Most melanomas are detected clinically and primarily diagnosed by physical examination, dermoscopy, histopathology, and imaging, with the detection of circulating biomarkers being less crucial. Depending on the age of the patient and tumour thickness, sentinel lymph node biopsy is a powerful staging tool [6]. In addition, approximately 10 percent of all melanomas are initially diagnosed in the lymph node and are referred to as “unknown primary”. They are presumed to originate in the lymph node itself from pre-existing nodal nevi [7]. For all melanoma, early diagnosis is critical for improving prognosis as most complications with melanoma stem from metastases and their impact on the affected organ. Paraneoplastic syndromes may also occur, but at a much lower rate [8].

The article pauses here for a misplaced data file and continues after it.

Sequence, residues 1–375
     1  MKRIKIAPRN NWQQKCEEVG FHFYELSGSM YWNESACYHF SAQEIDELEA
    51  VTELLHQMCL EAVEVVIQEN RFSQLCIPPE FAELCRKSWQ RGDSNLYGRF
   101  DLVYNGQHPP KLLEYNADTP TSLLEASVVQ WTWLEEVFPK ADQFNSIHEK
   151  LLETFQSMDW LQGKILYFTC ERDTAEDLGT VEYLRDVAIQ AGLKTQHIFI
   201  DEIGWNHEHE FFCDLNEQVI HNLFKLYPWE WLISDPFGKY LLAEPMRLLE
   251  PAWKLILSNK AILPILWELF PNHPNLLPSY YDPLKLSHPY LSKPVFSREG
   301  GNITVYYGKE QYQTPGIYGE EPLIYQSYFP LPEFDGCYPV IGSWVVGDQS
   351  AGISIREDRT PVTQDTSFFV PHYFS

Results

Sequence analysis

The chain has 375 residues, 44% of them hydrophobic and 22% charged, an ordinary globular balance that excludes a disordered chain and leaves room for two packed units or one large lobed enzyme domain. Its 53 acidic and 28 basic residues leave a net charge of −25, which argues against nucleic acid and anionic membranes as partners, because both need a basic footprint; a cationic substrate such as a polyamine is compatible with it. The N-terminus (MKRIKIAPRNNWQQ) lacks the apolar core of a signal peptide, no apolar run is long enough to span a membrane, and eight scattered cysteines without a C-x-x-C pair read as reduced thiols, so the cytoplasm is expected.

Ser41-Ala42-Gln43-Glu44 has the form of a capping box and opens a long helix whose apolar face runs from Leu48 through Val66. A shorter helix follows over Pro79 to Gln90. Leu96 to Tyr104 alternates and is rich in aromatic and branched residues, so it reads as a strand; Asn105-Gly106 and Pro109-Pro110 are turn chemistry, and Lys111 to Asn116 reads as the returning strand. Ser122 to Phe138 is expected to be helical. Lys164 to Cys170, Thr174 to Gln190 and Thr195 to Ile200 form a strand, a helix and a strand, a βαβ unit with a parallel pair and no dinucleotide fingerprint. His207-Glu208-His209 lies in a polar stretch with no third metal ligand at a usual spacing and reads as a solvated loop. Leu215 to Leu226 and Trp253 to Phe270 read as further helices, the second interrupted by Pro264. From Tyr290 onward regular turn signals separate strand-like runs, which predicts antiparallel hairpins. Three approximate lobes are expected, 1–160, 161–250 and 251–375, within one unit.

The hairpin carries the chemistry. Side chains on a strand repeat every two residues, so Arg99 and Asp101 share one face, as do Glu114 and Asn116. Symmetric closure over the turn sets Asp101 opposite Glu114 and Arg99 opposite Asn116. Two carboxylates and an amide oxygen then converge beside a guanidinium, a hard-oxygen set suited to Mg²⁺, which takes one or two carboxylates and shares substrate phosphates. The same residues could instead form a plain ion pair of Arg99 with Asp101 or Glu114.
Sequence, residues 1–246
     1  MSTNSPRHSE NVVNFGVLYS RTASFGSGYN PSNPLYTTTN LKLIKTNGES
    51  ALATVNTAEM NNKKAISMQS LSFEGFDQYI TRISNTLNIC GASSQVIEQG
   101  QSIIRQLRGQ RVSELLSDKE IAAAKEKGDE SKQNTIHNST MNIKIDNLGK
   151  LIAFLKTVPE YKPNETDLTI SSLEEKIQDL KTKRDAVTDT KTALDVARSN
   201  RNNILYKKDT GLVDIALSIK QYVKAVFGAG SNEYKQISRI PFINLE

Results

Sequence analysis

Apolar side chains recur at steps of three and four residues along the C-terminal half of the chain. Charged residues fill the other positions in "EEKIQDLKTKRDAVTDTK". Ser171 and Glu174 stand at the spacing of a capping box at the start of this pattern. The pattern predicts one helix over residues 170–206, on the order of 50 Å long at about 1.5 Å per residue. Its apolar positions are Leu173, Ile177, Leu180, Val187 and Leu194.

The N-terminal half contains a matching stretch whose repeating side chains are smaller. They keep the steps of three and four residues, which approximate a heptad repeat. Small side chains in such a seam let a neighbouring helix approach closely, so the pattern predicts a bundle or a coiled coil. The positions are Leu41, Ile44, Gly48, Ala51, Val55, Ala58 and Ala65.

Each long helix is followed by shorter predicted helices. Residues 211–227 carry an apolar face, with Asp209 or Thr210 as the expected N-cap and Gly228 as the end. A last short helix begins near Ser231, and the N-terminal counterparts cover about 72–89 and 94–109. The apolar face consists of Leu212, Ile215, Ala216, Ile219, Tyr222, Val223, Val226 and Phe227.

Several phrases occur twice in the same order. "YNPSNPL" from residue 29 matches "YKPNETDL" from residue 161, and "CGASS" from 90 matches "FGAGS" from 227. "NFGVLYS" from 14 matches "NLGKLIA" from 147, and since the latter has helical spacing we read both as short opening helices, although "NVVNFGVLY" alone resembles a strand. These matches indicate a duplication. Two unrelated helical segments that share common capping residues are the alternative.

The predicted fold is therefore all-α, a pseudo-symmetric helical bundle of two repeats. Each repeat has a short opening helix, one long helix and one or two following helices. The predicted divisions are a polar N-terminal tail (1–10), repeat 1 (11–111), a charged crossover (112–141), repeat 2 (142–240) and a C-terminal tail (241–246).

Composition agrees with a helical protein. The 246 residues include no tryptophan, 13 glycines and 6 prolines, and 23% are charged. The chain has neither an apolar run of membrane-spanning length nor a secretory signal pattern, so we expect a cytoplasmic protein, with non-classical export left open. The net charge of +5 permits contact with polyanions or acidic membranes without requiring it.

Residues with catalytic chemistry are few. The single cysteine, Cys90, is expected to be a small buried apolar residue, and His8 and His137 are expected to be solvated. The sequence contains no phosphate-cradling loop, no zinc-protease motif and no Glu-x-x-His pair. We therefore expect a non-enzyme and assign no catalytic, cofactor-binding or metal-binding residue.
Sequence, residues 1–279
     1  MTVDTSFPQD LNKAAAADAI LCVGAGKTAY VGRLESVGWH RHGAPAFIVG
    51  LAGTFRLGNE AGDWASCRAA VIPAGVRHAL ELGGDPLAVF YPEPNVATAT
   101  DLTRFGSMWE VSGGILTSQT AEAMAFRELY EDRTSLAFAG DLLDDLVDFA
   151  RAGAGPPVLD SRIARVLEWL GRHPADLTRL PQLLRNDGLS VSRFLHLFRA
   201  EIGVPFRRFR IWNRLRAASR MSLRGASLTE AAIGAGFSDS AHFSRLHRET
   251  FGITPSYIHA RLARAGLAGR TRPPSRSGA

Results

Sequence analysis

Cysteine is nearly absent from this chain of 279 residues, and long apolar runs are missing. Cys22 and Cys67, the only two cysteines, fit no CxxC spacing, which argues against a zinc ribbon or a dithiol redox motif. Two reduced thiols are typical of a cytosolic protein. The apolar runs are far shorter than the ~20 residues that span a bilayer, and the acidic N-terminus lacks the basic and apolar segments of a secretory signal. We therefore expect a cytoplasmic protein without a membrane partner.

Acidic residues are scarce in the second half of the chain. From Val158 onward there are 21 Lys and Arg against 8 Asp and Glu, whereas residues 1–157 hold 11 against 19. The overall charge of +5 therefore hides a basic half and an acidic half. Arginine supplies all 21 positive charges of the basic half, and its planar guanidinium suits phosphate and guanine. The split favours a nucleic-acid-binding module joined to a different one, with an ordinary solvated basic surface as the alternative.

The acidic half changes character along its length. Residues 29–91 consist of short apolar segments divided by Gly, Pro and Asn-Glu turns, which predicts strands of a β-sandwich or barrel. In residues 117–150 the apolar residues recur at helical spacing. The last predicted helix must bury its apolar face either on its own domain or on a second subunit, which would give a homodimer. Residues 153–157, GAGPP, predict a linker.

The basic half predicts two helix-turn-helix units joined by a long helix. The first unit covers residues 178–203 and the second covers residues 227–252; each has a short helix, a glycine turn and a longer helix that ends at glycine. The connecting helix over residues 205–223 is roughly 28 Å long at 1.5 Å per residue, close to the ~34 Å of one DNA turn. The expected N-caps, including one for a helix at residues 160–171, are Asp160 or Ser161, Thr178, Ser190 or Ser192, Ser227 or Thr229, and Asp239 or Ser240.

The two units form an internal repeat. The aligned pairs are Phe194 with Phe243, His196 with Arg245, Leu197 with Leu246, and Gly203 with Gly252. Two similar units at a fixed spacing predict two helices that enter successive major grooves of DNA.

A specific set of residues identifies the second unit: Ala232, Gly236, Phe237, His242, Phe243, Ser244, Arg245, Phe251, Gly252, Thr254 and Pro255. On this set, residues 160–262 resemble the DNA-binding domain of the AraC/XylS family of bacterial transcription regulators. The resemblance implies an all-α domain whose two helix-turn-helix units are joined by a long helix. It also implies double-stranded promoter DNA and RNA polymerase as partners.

The severity of the disease is classified using four different stages according to the American Joint Committee on Cancer (AJCC) [9]. The staging system takes into consideration the thickness and ulceration status of the primary tumour as well as the presence of metastasis in the nearby lymph nodes and in distal sites. Stage I represents the lowest grade of severity defined by a small and localized malignancy, while stage IV is the highest grade of severity in which distant metastases are present and the clinical course is highly variable [10].